The director of Illinois' public health department describes a pitch by Ebola-fearing Chicago aldermen to screen all global travelers flying into O'Hare and Midway as "overkill."
Dr. LaMar Hasbrouck declared Wednesday that Illinois is ready to treat potential local cases of the deadly virus and responded to a newly introduced city ordinance from Aldermen Edward Burke and Michael Zalewski that would require screening facilities at the two highly trafficked airports.
"It would be a waste of resources in some ways. I think that it is overkill," he said.
O'Hare, meanwhile, is among five international airports that will ramp up a screening process for fliers coming in from West Africa. New measures involve taking passengers' temperatures and asking extra questions to gauge exposure to the illness, which is transmitted not through the air but via direct contact with blood and bodily fluids.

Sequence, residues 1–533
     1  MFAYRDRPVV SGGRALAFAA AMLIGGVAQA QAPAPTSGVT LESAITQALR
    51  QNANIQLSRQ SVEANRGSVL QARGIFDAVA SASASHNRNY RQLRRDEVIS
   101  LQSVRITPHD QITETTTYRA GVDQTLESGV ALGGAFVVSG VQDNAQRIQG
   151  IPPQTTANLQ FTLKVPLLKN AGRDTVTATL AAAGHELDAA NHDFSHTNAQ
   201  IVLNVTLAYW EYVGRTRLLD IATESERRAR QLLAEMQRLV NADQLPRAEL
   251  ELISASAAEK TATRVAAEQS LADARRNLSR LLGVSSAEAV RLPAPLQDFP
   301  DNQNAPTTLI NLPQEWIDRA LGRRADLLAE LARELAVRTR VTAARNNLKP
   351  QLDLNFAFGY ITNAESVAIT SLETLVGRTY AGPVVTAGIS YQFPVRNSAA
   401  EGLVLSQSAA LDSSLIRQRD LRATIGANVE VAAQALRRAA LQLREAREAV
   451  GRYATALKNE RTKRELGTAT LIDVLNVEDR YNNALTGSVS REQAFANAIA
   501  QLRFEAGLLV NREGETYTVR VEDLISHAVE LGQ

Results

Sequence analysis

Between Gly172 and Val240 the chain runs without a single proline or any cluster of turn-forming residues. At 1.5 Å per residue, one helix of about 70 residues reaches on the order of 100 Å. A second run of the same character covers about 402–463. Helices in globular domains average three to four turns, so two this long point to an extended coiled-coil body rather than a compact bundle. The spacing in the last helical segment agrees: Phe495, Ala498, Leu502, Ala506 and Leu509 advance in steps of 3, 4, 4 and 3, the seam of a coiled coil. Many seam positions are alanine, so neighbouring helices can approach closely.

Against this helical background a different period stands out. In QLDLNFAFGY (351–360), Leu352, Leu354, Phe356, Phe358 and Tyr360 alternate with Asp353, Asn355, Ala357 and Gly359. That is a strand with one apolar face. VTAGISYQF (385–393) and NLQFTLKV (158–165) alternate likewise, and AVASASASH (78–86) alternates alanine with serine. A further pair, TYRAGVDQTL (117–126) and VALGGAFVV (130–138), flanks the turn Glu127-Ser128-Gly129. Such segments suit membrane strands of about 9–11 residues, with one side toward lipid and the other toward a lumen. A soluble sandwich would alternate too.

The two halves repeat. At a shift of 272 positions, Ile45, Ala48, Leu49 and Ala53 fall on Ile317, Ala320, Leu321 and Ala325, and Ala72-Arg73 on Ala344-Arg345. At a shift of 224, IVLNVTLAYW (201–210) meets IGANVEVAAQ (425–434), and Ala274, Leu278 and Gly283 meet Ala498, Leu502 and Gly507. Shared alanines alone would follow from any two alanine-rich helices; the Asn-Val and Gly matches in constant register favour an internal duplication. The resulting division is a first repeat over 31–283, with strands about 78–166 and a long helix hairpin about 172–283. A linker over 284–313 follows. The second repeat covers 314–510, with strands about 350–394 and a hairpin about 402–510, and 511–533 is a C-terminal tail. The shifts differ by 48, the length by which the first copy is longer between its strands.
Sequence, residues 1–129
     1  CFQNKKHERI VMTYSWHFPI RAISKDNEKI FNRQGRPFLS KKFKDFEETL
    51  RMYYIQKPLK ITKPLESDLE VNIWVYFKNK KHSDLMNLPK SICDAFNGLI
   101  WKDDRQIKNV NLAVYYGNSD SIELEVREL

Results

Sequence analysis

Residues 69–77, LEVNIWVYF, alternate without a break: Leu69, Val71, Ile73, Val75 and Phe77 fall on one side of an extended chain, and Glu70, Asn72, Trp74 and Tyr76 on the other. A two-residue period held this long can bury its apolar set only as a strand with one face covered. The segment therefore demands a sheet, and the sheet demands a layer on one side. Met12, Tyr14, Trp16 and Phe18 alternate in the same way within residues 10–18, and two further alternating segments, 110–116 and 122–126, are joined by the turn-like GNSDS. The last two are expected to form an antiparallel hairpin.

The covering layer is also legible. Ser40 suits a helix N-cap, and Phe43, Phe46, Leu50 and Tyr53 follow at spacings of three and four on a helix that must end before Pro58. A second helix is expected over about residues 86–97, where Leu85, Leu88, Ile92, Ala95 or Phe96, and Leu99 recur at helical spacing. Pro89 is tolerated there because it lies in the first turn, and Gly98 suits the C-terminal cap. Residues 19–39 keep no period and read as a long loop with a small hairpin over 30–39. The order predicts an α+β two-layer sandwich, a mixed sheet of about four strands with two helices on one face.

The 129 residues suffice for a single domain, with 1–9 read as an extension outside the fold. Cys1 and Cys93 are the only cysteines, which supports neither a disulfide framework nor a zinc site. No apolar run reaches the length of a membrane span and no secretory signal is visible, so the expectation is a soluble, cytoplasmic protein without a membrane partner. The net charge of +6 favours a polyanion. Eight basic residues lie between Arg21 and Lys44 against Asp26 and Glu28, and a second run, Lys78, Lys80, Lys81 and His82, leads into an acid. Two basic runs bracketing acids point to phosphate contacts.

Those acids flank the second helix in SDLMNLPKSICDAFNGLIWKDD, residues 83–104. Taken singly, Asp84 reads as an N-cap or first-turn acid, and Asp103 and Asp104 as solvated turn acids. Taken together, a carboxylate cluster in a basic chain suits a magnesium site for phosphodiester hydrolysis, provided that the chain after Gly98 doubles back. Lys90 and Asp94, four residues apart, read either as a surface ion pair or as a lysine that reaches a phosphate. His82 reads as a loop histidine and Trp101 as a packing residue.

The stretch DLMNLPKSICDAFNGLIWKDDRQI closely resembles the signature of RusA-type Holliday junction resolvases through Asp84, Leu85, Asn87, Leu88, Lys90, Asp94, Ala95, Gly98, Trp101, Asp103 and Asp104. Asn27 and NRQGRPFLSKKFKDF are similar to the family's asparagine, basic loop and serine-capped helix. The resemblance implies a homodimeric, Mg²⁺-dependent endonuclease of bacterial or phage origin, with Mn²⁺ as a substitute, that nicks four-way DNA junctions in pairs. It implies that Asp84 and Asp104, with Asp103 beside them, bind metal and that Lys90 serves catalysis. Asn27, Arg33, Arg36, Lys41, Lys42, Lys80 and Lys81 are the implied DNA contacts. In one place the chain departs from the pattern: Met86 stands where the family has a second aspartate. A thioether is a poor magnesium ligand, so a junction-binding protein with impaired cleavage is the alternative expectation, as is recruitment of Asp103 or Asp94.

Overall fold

Under Burke and Zalewski's proposal, the process would be broadened to involve commuters arriving from other countries who would also be screened for other infectious diseases, including swine flu, bird flu, measles and tuberculosis. It would also be bankrolled by airliners.
"It is important that the City of Chicago move swiftly to put all reasonable precautions in place to avoid any possible danger because O'Hare Airport is such a busy hub not only for Chicago, but also the Midwest," said Burke in a statement.
But Mayor Rahm Emanuel stated Wednesday that any City Council response would take a backseat to Ebola-preventing efforts by the feds. All the same, he vowed: "We're gonna work at every level, both at aviation and our public health, to ensure we have the safety and security in place to ensure both our public health and our public safety."